The General Data Protection Regulation was introduced in May 2018 to protect the personal data and privacy of EU citizens from unsolicited communications from businesses. As such, gone are the days where companies could purchase a large customer database and then send unsolicited offers or messages to people who made it onto the list. Instead, new marketing and data handling strategies have arisen to ensure that the regulation is being met.
A positive outcome from GDPR is that it has formed a greater level of trust between businesses and their customers. This is because data collection has become more transparent and consent is required before businesses can send messages. With the flexibility to opt-out at any time, customers are more willing to share data with the companies that they love and trust.
Initially, the talk of fines, as a result of data misuse, scared many businesses into inactivity. However, as a clearer understanding of GDPR has been established over time, businesses have grown to discover the benefits. The purpose of GDPR is to give control back to consumers, not to persecute marketers.
It is now mandatory for businesses to safeguard data and ensure that only a few professionals have access. This is known as identity access management and limits the likelihood of user data being exposed due to cyberattacks or poor data management. The long-term benefit of this is that customers should become more confident when sharing data with trustworthy businesses.
Companies are also no longer allowed to use an individual's personal data to make solely automated decisions. These are defined as any decision that is made using data that excludes any human influence on the outcome. From a marketing standpoint, this new rule allows organisations to understand their customers better by ensuring that human input contributes to key decision making.
The biggest change that has come directly from GDPR is that customers now have the power to be selective when it comes to sharing data with companies. In the long run, this is great news for both brands and consumers because it prevents mass marketing campaigns that targeted a large number of people with no interest.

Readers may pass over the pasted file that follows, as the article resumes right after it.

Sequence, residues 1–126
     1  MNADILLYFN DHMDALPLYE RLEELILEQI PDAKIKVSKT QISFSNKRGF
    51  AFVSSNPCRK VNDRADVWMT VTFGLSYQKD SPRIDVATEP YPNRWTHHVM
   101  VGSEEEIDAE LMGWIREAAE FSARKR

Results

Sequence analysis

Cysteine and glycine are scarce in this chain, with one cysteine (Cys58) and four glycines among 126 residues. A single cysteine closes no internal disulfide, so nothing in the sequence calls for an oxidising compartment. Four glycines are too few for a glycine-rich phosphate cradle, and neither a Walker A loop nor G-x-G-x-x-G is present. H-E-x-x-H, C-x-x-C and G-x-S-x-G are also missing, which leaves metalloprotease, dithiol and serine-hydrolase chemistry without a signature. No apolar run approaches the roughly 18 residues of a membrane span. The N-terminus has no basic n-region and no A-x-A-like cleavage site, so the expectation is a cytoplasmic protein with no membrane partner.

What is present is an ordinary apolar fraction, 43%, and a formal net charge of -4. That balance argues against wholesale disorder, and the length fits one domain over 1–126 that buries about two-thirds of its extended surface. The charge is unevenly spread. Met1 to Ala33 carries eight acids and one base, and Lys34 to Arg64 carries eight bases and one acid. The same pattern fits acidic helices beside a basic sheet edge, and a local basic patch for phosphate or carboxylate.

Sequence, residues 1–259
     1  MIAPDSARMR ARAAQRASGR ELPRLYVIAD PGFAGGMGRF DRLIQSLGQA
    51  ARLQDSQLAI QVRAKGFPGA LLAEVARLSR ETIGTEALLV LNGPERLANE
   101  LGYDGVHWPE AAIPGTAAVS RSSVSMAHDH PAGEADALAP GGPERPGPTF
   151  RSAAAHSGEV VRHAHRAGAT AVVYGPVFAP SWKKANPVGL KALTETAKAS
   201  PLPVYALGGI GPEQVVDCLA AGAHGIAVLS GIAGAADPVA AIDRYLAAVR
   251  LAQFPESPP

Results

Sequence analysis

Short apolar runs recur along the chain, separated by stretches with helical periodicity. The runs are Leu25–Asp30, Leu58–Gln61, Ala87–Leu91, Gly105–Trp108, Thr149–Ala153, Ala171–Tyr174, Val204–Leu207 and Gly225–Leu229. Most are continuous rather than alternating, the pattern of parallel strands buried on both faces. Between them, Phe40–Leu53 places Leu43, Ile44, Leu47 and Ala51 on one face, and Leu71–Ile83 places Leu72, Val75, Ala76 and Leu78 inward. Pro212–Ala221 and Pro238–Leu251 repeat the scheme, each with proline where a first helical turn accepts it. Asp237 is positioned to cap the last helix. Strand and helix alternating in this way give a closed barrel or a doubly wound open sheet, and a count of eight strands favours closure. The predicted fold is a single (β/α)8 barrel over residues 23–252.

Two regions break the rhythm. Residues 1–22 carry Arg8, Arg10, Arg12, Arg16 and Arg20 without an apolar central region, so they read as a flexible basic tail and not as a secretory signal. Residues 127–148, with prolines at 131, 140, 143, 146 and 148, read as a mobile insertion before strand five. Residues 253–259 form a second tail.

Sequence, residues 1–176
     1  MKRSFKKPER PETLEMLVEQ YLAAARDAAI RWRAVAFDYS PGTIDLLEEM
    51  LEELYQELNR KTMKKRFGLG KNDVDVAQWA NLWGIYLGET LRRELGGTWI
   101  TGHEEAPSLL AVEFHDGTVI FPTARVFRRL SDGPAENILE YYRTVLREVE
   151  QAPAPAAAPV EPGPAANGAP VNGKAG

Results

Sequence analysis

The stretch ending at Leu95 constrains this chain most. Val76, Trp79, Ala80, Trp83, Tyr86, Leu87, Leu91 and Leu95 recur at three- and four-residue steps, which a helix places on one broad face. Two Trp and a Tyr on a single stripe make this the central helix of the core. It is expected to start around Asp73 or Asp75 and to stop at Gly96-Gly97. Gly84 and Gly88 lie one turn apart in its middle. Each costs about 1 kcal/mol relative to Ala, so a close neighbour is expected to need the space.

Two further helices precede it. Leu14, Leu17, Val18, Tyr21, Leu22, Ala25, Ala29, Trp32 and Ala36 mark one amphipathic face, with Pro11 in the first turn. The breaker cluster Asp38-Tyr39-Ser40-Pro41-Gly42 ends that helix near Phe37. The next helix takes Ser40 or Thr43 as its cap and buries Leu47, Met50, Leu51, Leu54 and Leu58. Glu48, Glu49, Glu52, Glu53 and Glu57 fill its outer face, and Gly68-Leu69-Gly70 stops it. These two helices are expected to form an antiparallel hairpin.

The result is that consumers are no longer spammed and businesses save time and effort by focusing on sending promotional offers and updates to those who genuinely want to receive them. This shift ultimately means that customers are far more likely to engage with companies and brands that they love.
The SMS marketing industry was significantly less regulated before GDPR was implemented. Lots of companies took advantage of SMS, and email, to send unsolicited messages. However, the industry has now changed significantly for the better. Customers that opt-in are welcoming promotional offers, store updates, delivery confirmations, competitions, and more. All via SMS marketing.
Brands are also building customer trust by sending preference updates either annually or half-yearly. This has led to higher engagement and conversion rates as campaigns are only sent to those with a genuine interest. These preference updates also ensure that customers feel more valued and can have a positive impact on the overall image of brands.
Another positive change is that campaign costs have decreased as customers with little interest can opt-out much easier. This also means a higher ROI and more accurate reporting in the long run. After all, how can you measure the success of a campaign if you sent it to a large group of people that have zero interest?
As a result, many companies are quickly incorporating SMS into their marketing strategies. The ability to type out a 160-character message and send a direct message to both individuals or groups of customers provides lots of opportunities. With business SMS traffic increasing by 10% in 2020, it's looking likely that this upward trend will continue in the future.
If you have any queries regarding the impact of GDPR on SMS marketing then please get in touch with us and we'll be happy to answer any further questions.
Hi, I'm Andrew, UK Sales Manager at Reach Interactive. I have a background in sales and I love building relationships with my customers and helping them to grow through the use of digital technology.
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